Buddha says, "You take the raft and go to the other shore, and, when you are on the other shore, you don’t need the raft anymore, so you let go of it," which is very logical. It means you practice in order to get enlightenment, and then, when you have enlightenment, you don’t practice anymore. Practice is just a vehicle for gaining enlightenment, or a means to enlightenment. Actually, though, practice is not just a means to enlightenment. Practice is a vehicle for expressing enlightenment. So instead of emphasizing the carrot, we emphasize the run to reach it. The activity itself is the important thing, not the final result of the activity.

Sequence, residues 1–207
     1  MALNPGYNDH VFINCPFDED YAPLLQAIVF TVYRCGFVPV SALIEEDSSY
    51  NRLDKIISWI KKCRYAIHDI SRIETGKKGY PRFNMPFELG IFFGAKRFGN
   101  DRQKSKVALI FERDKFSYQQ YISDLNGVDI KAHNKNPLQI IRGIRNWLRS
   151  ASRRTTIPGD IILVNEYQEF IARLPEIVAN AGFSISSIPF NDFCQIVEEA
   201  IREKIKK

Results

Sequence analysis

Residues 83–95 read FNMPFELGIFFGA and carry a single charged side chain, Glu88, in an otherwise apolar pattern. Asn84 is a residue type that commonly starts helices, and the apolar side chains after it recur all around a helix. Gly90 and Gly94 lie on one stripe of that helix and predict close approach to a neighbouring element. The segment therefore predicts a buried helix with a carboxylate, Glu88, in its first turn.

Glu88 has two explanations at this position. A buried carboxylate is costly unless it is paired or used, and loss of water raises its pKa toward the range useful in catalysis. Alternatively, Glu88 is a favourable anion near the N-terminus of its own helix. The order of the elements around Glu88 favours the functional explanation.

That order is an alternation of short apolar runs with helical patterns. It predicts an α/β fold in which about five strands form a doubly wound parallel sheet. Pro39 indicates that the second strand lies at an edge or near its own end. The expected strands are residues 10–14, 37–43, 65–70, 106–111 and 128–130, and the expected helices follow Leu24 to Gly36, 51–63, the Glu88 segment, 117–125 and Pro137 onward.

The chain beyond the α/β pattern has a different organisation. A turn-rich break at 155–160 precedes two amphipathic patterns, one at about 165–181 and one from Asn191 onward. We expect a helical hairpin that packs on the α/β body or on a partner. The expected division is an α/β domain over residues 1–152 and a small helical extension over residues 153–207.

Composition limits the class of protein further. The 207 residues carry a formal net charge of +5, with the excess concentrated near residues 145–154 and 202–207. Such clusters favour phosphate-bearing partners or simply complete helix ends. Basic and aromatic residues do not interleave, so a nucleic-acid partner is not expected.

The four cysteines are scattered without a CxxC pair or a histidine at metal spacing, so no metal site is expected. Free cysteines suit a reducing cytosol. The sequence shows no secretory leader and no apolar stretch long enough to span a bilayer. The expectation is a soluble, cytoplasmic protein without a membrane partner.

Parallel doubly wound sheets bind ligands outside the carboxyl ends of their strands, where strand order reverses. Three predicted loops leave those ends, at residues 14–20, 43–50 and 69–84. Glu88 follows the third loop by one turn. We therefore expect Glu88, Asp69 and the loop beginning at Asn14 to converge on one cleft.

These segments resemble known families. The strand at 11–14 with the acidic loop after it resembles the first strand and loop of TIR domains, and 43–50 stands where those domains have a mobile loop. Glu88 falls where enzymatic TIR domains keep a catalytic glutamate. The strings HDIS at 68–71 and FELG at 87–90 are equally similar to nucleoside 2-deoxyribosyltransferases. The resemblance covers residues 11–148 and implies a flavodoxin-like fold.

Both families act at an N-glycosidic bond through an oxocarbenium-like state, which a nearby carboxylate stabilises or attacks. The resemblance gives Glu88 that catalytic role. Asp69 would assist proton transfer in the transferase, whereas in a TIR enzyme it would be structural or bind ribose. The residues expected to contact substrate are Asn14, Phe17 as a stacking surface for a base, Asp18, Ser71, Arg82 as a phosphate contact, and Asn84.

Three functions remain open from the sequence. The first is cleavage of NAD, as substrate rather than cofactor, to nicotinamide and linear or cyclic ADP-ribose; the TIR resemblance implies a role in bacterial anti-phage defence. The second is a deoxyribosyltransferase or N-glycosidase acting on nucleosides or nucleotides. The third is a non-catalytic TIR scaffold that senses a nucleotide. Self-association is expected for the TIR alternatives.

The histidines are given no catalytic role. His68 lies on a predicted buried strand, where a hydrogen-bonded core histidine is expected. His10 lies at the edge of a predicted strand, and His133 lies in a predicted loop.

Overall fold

When we say "no goal," it doesn’t mean that we have no objectives or goal. In order to move in life, there’s got to be an objective. You are born, and then you go to school, and you go to school to learn enough to go to college. Then you go to college in order to learn enough to get a good job, and to have a career, and raise a family, and make a lot of money, and live happily ever after. But it’s not so happy. This is a goal oriented way of life, and is very usual. In practice, on the other hand, the goal is to come to where you are. It’s not like there is some place that you are going. The goal is to be where you are and allow enlightenment to express itself. We all have goals. For instance someone has to cook our meals for us during sesshin, so that person has to have some objectives, some goal, and the timing has to be just right. Every meal has to come out just on time. All the ingredients have to be right, and you can’t burn something. But within that goal of getting out a meal there is also every step of the meal, and in each step is concentrated activity. In other words, the practice of the cook is to be completely one with every activity, moment by moment. Even though there is some place to go, where the cook is, is right here doing just this.